In September, 1937, the Commonwealth, acting through its metropolitan district water supply commission, hereinafter referred to as the commission, gave the plaintiff several bills of sale, so called, of wood and timber standing on portions of the area comprised in the construction of the Quabbin reservoir. In two of these bills of sale, dated September 16, 1937, the wood and timber were generally described as standing on certain designated acres of land owned by the Commonwealth and shown on plans of the commission. Each of these bills of sale gave the plaintiff the right to enter upon the land and to erect and maintain portable sawmills at such locations as might be agreed upon between the plaintiff and the commission, "and to cut and remove from said area standing wood and timber on or before July 15, 1938," and provided that "any and all cut wood and timber remaining on said area after that date (July 15, 1938) shall be deemed abandoned and become the property of the Commonwealth," and that "all cut timber
and hardwood is to be stacked upon such area as may be designated by the Commission and where it will not interfere with any operation of the Commission, and to be removed therefrom on or before December 1, 1938 and any and all cut wood and lumber remaining on said premises after that date (December 1, 1938) shall be deemed abandoned and become the property of the Commonwealth."
The plaintiff received another bill of sale, so called, from the commission on May 12, 1938, of "Only such standing wood and timber on land owned by the Commonwealth . . . and being that portion below said flow line as shown on plans of the . . . Commission." This bill of sale gave the plaintiff the right to enter and maintain sawmills as in the previous instruments, but he was given until July 31, 1938, to cut and remove "from said area" the "standing wood and timber." It also contained provisions for stacking "all cut timber and hardwood" at some designated place and for forfeitures similar to those in the previous bills of sale except that the forfeiture dates were respectively July 31, 1938, and April 1, 1939. The plaintiff purchased additional standing timber from the Commonwealth and was given similar bills of sales therefor, none of which was introduced in evidence.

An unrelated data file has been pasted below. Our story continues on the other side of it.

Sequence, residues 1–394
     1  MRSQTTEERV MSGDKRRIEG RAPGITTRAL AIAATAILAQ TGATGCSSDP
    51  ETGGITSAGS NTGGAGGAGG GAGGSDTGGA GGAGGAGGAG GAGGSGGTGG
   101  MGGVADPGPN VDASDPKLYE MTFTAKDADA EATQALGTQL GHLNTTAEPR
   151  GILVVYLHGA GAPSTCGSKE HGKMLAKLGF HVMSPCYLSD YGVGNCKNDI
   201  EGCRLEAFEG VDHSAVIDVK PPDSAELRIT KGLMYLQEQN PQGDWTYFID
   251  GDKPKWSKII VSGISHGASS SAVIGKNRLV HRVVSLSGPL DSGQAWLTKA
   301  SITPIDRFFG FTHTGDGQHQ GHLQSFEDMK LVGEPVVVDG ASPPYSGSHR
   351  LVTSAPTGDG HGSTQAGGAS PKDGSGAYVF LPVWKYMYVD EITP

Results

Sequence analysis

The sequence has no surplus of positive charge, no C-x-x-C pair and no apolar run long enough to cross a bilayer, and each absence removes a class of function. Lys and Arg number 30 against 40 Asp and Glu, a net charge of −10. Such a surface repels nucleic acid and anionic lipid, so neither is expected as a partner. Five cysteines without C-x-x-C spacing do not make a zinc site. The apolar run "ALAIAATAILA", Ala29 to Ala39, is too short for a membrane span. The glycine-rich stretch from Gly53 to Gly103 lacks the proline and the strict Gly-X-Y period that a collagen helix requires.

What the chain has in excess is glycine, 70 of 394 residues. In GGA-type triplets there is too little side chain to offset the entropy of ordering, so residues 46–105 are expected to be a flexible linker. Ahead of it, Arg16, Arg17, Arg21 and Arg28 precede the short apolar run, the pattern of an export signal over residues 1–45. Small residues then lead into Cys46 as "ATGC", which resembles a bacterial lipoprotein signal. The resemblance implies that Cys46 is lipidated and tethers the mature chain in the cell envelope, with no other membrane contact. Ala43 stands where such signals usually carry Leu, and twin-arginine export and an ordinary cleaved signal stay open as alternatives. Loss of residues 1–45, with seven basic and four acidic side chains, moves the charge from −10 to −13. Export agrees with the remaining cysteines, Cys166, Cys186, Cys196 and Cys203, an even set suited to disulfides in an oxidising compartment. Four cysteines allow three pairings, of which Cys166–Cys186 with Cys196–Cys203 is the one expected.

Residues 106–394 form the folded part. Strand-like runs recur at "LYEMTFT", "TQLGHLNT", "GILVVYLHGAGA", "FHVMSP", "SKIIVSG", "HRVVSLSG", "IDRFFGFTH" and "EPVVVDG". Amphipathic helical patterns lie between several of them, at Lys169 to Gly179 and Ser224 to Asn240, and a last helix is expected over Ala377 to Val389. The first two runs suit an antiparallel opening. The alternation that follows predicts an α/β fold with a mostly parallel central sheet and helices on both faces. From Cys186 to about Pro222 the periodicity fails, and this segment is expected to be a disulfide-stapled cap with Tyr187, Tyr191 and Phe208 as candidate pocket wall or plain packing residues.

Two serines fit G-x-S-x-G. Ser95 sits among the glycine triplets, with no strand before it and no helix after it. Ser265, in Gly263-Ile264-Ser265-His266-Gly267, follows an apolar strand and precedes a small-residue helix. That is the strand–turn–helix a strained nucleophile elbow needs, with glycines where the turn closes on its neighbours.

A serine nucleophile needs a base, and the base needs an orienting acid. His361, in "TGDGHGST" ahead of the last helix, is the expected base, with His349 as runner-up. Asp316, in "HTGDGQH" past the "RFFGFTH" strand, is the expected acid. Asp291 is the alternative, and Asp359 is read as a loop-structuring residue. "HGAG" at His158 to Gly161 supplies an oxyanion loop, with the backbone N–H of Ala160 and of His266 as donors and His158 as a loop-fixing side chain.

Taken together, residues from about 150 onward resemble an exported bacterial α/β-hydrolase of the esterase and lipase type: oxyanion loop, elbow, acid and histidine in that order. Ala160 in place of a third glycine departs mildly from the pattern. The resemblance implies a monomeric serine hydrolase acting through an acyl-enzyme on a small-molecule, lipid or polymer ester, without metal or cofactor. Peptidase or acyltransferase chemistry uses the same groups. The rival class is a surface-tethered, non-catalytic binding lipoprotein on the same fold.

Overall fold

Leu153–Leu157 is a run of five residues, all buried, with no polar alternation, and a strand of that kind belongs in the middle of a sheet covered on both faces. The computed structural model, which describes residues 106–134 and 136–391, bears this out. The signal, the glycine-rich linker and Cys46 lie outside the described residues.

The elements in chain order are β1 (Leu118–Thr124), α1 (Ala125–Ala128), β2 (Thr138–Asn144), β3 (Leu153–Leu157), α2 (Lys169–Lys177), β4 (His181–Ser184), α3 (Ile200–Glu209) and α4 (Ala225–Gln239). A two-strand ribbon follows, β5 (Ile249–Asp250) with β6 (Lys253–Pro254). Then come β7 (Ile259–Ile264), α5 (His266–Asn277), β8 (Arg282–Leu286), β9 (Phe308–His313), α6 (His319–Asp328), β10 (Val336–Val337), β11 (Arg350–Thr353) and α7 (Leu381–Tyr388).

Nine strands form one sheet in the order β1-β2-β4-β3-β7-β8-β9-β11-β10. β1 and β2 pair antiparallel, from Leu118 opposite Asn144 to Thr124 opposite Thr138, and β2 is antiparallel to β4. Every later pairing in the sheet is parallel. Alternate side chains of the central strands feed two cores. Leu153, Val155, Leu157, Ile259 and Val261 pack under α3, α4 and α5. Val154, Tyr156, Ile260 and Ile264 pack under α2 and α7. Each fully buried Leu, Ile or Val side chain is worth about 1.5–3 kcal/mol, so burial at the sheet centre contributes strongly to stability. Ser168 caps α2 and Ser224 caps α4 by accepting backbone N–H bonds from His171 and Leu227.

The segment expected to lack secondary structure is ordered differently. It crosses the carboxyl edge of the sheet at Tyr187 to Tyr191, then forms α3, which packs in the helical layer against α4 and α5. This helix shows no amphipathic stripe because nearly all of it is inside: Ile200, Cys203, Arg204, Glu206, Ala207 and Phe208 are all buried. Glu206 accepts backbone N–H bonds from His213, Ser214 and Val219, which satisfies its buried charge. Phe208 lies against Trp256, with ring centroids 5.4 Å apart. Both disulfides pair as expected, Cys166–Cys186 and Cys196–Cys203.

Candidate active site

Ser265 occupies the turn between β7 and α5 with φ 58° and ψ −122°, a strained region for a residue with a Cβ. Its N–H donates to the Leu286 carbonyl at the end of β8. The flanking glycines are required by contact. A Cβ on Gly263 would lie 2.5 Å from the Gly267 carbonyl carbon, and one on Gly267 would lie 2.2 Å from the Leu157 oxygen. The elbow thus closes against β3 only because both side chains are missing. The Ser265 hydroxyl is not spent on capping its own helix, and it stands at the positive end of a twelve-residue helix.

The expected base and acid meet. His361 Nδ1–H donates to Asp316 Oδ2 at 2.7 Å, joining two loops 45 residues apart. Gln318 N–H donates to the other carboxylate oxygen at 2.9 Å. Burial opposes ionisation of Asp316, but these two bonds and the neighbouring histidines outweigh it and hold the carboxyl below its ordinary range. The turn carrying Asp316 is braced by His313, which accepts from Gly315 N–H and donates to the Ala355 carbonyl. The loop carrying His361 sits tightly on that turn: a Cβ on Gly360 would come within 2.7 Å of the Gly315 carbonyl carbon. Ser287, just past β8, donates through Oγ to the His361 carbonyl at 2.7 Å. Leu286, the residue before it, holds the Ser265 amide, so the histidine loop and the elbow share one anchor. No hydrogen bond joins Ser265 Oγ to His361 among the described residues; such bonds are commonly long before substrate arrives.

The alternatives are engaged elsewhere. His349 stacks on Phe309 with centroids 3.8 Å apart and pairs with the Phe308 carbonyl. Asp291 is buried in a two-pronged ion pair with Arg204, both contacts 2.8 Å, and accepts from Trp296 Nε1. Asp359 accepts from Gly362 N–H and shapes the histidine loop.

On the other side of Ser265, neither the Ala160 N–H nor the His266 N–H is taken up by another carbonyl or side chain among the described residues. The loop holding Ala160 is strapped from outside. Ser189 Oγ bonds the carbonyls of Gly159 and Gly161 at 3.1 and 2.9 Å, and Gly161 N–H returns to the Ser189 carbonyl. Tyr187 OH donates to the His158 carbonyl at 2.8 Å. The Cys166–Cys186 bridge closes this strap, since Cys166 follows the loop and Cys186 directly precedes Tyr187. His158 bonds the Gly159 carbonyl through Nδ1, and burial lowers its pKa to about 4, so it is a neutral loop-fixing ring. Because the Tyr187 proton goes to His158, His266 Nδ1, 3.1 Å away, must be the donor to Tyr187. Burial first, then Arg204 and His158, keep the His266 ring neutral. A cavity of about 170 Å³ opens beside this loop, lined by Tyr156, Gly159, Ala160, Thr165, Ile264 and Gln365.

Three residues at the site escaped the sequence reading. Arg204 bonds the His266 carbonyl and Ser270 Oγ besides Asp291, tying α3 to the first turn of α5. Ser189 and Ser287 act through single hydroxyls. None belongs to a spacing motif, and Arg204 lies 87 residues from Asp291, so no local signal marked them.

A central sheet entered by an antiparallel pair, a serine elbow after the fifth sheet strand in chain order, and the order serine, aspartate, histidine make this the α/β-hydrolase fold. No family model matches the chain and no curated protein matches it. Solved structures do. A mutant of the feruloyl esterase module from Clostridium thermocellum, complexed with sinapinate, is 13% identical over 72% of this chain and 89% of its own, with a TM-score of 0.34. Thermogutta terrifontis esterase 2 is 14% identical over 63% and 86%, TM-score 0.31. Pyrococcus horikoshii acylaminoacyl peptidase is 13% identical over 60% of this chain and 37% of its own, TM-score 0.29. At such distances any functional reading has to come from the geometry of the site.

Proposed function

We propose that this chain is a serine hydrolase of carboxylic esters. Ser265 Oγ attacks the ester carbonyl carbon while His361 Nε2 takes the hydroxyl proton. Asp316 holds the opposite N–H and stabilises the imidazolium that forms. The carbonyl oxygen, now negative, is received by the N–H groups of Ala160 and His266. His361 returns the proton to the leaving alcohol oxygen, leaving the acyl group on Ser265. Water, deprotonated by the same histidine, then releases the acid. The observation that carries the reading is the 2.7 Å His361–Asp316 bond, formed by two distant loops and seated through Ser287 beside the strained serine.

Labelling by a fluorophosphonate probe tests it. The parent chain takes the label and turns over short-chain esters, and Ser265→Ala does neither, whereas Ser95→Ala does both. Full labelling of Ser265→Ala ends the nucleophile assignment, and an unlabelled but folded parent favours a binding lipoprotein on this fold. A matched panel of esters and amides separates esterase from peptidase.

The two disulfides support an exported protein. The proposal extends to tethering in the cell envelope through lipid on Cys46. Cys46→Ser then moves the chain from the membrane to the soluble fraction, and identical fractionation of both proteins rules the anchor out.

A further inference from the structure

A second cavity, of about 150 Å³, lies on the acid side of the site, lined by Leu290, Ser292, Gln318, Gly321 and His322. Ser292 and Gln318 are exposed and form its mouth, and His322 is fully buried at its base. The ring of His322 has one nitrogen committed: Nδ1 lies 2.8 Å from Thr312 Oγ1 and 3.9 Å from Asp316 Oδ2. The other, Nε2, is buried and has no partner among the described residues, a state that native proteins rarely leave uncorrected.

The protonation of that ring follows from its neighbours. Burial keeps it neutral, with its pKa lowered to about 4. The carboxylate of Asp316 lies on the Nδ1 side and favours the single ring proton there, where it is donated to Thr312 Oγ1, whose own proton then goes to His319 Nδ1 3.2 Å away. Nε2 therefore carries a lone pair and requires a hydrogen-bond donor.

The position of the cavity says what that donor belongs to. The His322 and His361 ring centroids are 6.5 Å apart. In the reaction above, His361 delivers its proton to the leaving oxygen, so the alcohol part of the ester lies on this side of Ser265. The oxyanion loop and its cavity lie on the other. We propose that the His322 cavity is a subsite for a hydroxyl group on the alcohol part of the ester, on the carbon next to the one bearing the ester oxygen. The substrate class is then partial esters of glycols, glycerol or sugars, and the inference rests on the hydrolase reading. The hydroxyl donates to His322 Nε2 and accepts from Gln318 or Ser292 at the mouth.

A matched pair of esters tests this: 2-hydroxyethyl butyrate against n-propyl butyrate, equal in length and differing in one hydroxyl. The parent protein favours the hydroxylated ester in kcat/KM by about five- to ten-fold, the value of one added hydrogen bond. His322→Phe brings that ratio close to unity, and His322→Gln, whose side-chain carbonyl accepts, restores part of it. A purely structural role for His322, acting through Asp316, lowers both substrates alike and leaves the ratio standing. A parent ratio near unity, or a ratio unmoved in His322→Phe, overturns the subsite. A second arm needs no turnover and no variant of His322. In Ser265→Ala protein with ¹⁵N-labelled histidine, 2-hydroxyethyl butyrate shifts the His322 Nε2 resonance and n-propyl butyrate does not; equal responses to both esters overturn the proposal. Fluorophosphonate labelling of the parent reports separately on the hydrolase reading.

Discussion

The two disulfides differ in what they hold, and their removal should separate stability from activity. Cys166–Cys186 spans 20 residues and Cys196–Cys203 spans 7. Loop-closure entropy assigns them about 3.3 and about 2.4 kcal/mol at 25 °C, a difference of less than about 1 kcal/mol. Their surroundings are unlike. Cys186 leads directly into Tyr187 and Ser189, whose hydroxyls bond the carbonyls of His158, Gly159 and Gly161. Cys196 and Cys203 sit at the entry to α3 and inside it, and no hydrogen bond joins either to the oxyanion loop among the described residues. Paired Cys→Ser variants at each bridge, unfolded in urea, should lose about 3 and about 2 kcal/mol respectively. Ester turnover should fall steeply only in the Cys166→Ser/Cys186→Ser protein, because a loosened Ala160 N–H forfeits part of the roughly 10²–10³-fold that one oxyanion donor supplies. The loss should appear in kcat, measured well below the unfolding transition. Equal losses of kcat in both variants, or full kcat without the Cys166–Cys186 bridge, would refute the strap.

The defendant, on or about October 25, 1938, entered into a written contract with the Commonwealth through the commission, by the terms of which, among other things, the defendant was required to clear all the land below the "flow line," which was the line above which the water in the Quabbin reservoir, when completed, would not rise. The defendant was required to take full responsibility for the safety and quality of the work to be done and for the sufficiency of the methods to be employed in its prosecution. It was required to take all necessary precautions to prevent the starting or spreading of fires on areas outside the limits of the clearing to be done under the contract, and in "burning materials for . . . [its] clearing operations," it was required to comply with the regulations of the fire wardens or other officers having authority in such matters. All burning, unless otherwise permitted, was required to be
done "within the limits of this contract" and not less than one hundred feet, measured horizontally, from any trees that were to be left standing, and no burning was to be done on any areas when, in the opinion of the engineer, wind and climatic conditions were such that areas outside the clearing line would be endangered by fire, "whether or not the Contractor . . . [held] a permit to burn from a forest warden, fire warden or any other person or persons authorized to issue permits for open fires." See G. L. [Ter. Ed.] c. 48, Section 13, as amended.) The defendant was required to give its personal attention constantly to the faithful prosecution of the work, to keep the same under its personal control, and not to assign or sublet the work, or any part thereof, without the previous written consent of the commission.